Yesterday I had coffee with a friend. Because due to our move I'm not sure when we will see each other again, I asked the lady at the next table to take a picture of us before we said goodbye.
I first came to know Melinda about 13 years ago, when I joined the staff of Young Naperville Singers as a choral accompanist. At the time she was already accompanying several of the choirs of the organization, including the oldest, most advanced group. I don't think I had even actually met Melinda when I experienced her kindness for the first time. Arriving at my first rehearsal, I found a gift (I think it was homemade bread) and card waiting for me on the piano, warmly welcoming me to the group and wishing me a great first year. This was only the first of many such thoughtful acts from this lovely lady over the years.
Life being what it is, I have taken several breaks from YNS (one to have that nine-year-old who so often makes his way into my posts), but for most of that time Melinda was a constant presence in YNS, impacting it as only she could have done, both with her musicianship and with her humanity. When she left a few years ago to take a full-time position as staff accompanist at an area high school, her absence was acutely felt. Meanwhile that high school got three people for the price of one. Melinda is one of those individuals who, because she cares so much, does not know how to give anything less than her all. And what is her all? Oh my. It is a level of musicianship that I can only dream about--technical excellence that makes everything she plays seem bewilderingly effortless; an ear that hears things very few people do and a level of artistry that knows how to carry a musical idea from conception to reality; and an incredible range of ability that runs the gamut from classical masterworks to jazz improvisation and everything in between. As if all of that weren't enough, she is above all a collaborative musician, one who is happiest creating ensemble by working with others. I was honored to sit on the piano bench next to her several times on choral pieces requiring two pianists. Oh dear, was I nervous. I mean, this lady has worked in New York City and Graz, Austria. But I shouldn't have been. If you are a musician you have probably met other musicians whose primary goal is to draw attention to their superiority. Melinda could do that if she wanted to. But instead her primary goal has always seemed the exact opposite: to build up others in their musical confidence and sense of worth. Melinda once told me she admired my touch on the piano. I wonder if she realizes that I got about ten years worth of musical and personal mileage out of that one comment?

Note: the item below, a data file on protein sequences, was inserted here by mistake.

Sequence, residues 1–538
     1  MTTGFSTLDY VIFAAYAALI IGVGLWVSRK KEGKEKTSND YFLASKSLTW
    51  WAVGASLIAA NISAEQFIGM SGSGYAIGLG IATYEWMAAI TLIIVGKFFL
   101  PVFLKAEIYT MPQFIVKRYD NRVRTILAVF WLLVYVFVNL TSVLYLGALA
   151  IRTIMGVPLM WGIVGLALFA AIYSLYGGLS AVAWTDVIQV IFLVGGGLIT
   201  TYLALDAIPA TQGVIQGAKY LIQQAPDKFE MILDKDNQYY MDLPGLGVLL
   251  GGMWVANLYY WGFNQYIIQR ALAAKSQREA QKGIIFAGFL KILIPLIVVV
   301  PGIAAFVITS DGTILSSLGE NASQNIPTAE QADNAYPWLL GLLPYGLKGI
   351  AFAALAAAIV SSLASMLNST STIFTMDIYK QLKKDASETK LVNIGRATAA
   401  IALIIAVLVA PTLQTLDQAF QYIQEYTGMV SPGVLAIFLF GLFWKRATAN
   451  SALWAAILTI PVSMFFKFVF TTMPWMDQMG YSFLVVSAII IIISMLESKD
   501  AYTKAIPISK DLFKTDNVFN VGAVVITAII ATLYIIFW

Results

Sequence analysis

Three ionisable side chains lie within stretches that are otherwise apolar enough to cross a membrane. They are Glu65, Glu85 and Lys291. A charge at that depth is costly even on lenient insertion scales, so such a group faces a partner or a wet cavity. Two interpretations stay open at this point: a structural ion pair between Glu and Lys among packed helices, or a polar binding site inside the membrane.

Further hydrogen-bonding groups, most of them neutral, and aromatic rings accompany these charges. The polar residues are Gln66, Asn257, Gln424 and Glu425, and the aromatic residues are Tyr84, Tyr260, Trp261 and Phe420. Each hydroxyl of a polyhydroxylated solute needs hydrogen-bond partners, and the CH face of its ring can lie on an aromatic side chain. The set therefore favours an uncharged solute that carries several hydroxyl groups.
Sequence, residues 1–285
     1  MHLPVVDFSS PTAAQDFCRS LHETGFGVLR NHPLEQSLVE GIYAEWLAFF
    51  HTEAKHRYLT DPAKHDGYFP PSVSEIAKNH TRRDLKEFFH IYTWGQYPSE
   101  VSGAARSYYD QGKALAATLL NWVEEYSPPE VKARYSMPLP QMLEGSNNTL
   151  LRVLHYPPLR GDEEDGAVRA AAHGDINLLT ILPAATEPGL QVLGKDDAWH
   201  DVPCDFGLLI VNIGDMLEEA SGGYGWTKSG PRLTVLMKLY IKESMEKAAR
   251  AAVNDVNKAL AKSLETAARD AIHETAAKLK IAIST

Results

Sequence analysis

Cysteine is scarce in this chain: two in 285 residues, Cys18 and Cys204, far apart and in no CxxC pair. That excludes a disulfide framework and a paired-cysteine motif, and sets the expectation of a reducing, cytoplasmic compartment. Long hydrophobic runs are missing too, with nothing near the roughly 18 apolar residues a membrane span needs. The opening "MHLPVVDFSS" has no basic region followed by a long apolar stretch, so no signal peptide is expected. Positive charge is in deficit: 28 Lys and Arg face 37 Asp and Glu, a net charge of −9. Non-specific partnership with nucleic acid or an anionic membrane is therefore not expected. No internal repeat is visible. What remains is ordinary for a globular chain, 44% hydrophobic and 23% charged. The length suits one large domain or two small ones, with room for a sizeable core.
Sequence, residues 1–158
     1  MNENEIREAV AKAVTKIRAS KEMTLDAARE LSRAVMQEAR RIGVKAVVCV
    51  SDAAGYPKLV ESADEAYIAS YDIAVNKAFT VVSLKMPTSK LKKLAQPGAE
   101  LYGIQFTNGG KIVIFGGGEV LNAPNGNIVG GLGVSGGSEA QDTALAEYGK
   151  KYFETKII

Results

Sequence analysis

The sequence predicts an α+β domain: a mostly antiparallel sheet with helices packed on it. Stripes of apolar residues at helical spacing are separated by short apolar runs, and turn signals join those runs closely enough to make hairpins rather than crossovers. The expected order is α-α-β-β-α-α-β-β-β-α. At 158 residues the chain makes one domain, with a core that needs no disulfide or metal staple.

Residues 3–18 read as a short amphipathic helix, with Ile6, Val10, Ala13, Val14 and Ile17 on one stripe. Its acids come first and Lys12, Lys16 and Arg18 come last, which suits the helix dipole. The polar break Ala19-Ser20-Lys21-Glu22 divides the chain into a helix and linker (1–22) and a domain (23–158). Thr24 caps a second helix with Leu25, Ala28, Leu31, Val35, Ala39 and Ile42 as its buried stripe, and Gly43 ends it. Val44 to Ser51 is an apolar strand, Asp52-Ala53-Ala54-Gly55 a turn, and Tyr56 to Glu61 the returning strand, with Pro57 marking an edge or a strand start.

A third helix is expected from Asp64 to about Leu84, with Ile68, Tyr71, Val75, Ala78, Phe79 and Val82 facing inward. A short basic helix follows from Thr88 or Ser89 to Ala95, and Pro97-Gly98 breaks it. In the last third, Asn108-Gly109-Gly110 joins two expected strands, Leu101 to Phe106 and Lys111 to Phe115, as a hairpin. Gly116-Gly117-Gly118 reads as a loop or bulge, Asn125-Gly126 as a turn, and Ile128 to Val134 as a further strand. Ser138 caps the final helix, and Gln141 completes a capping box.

Melinda brought me a gift again yesterday, one that reflected the thought and care she put into it. I have never been very good with gifts but am okay with words so this post is for her. Thank you, Melinda, for your friendship, your kindness, your encouragement and your heart. I will miss you greatly!